Author : Mary-Anne Bowring
There is a buzz about mortgage interest relief in the UK property market. For those who own property with no mortgage, this change will not make a difference to the way they manage their rentals. Landlords with mortgages to pay whose properties are in personal names, as opposed to a limited company, will likely see a significant rise in their tax bill, with those in the 40 percent plus tax bracket likely to be most affected.
Section 24 was introduced in April 2017 and was planned to phase over four years up to April 2021. What Section 24 effectively did was ban Landlords from claiming mortgage interest, or any other property finance, as tax-deductible against their rental income. Rental profits were taxed at 20 percent, which was the maximum deduction for finance costs, now for landlords who hold the property in their own name the tax is at 40 percent and interest costs cannot be deducted.
Section 24, also known as the Tenant Tax, was challenged legally. This tax is another one of the pressures on the UK cost of living because of its devastating consequences for landlords, particularly accidental landlords perhaps where after two households got together and rented out one of the former homes, previously the rent collected would have covered their mortgage, now they are forced sellers. The time for this tax to hit in full could not be worse with the added recessionary pressures of the fuel crisis and covid aftermath!
Many landlords are forced to raise rents, sell their properties and even evict tenants to pay this tax. Renters who have enough to contend with also have to deal with the scary situation of soaring rents.
Who is Affected?
Landlords (save for those whose property portfolios are held in a Limited company) who have loan or mortgage interest on their to-let properties are the affected parties. They have to pay taxes on costs and profits. As Limited companies are exempt from Section 24, one way to beat the system is to move the buy-to-let property portfolio into a limited company. However, this has repercussions in other areas, in particular, Stamp Duty Land Tax and Capital Gains tax – as moving a property from a personal name to a Limited company is a chargeable transfer so stamp duty and capital gains tax becoming payable. In addition, the buy-to-let landlord may also be hit with early repayment charges from their mortgage lender.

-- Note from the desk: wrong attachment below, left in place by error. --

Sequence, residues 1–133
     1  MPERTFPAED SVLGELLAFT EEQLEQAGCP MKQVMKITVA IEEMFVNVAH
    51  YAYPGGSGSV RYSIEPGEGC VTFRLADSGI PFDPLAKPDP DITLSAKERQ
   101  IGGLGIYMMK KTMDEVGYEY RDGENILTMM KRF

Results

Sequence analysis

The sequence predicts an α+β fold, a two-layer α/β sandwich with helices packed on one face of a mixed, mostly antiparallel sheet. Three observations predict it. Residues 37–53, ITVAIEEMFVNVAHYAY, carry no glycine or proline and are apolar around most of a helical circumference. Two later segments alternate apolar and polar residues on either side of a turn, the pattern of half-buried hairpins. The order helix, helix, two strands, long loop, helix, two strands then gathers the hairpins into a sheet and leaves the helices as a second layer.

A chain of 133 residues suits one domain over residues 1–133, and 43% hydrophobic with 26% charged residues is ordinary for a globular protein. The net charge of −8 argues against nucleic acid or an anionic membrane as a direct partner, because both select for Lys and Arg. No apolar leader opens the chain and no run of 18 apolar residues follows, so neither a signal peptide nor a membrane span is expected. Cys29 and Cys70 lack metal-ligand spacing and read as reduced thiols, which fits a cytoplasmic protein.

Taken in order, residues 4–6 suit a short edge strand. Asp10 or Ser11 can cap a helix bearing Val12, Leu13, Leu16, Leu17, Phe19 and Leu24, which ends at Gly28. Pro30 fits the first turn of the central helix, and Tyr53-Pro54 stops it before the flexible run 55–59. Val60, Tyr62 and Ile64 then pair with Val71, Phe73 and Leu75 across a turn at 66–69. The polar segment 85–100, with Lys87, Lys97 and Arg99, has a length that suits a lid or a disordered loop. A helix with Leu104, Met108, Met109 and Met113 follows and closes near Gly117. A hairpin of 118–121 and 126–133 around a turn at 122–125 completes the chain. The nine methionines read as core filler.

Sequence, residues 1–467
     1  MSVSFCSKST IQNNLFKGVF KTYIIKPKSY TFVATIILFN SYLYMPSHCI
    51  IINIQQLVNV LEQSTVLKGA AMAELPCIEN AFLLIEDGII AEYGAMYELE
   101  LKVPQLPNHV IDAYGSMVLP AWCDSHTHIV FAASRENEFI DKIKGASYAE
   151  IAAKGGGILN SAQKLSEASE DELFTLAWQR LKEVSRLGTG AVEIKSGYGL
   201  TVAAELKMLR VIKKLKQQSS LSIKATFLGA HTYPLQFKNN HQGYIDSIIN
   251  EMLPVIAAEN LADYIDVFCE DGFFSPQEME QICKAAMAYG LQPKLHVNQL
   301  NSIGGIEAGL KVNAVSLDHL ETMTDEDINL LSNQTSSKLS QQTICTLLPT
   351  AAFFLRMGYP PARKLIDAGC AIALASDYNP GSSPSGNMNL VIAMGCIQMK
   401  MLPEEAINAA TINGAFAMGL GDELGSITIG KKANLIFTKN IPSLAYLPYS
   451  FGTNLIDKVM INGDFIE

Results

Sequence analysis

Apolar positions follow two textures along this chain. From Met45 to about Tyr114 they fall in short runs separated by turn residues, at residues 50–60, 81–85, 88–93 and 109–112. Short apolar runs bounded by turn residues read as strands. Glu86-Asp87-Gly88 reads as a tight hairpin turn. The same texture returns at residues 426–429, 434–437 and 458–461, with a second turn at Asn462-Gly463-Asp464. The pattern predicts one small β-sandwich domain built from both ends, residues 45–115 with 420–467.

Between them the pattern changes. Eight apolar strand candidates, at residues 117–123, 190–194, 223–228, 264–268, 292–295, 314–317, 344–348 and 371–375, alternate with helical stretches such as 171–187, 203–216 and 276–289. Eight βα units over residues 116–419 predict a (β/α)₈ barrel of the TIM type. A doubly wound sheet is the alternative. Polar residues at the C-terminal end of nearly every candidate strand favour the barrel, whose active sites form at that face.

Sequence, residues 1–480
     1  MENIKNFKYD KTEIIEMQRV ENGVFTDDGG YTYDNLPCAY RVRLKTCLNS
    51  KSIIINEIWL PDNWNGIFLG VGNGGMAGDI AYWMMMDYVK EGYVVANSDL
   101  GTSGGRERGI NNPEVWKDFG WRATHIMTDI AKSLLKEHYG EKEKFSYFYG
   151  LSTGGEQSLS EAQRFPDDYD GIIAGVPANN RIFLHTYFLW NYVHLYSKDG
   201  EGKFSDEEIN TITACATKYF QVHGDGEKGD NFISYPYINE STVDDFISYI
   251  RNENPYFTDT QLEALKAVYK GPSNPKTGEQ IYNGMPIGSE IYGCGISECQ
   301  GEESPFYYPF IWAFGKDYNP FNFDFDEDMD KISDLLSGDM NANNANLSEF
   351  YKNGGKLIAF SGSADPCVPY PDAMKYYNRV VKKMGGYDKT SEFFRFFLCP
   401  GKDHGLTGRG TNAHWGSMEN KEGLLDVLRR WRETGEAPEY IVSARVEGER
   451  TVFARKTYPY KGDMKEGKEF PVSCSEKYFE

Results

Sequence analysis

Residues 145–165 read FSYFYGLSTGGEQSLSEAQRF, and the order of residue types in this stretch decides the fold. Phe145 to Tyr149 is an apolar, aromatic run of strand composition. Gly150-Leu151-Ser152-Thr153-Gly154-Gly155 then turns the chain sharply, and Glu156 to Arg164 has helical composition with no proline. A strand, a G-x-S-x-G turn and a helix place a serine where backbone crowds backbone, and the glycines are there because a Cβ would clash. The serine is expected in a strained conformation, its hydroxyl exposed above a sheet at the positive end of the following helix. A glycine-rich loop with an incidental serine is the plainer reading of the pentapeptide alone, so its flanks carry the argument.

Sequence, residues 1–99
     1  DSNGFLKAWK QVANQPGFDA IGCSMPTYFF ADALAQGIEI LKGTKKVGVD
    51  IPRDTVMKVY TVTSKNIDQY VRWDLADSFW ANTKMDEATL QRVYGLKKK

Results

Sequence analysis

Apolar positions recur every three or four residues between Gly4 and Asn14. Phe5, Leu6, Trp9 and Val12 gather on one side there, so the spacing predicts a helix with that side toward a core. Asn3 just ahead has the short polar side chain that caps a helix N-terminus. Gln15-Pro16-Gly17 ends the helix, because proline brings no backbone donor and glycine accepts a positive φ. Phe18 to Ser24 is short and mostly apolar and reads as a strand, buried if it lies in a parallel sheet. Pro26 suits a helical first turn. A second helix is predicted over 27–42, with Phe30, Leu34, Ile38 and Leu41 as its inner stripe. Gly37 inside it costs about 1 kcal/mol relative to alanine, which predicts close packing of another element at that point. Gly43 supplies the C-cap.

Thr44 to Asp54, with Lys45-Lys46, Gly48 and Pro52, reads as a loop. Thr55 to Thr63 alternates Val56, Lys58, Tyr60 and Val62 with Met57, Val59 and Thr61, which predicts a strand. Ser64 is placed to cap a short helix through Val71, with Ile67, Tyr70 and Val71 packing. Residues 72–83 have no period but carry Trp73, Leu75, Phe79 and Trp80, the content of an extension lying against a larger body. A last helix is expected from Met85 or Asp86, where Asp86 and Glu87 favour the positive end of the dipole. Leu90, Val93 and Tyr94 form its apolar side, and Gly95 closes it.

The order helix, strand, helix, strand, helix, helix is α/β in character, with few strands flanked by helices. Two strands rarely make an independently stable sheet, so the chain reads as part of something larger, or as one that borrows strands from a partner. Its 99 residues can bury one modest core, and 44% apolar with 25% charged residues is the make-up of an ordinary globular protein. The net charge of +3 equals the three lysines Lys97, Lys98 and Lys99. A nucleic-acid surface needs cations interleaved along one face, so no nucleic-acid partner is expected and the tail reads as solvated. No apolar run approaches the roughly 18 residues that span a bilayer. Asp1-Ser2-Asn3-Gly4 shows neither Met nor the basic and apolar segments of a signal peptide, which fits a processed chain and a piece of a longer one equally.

Is There Any Way The Effects Can Be Mitigated?
A few options are available, including transferring property ownership to a spouse or partner with a lower tax threshold. Affected landlords can also consider setting up a company to own their properties and analyze accounts where costs can be reduced.
A Quick history recap on Section 24 Tax Deductible Costs for Landlords
Stage One (April 2017)
In Stage One of the Section 24 Act, higher-rate tax relief was allowed to be claimed on 75 percent of mortgage interest costs. The balance amount attracted a basic rate of tax relief.
Stage Two (April 2018)
In this stage, the tax relief claimed dropped to 50 percent of the mortgage interest costs.
Stage Three (April 2019)
In this stage, higher-rate tax relief was applied to 25 percent of the mortgage interest costs.
Stage Four (April 2021)
This stage was completed in 2021. Landlords were allowed to claim tax relief at the basic rate level of 20 percent.
Landlords who have not done anything about the situation can still explore options for reducing costs and increasing their revenue.
Options include setting up a company to buy the property they have or transferring it to a limited company if they own property as an individual. However, this can create the issue of paying capital gains tax on the difference between the original purchase price and its current value. They will also have to pay stamp duty.
Landlords can also consider transferring more rent to them to limit their overall tax bill. However, such a move can affect capital gains tax and inheritance tax.
Higher tax translates into lower profits for landlords. That’s why there is a growing fear that an underlying cause of rising rents which are adding to the cost of living crisis is taxing landlords. To justify the increase, landlords must look at cost-effective, tax-deductible property improvements – but that opens another whole debate about the cost of taking the UK letting stock up to EPC grade C by next year.
Mary-Anne Bowring FIRPM FRICS FARLA FCABE Founder/Head of Asset Management
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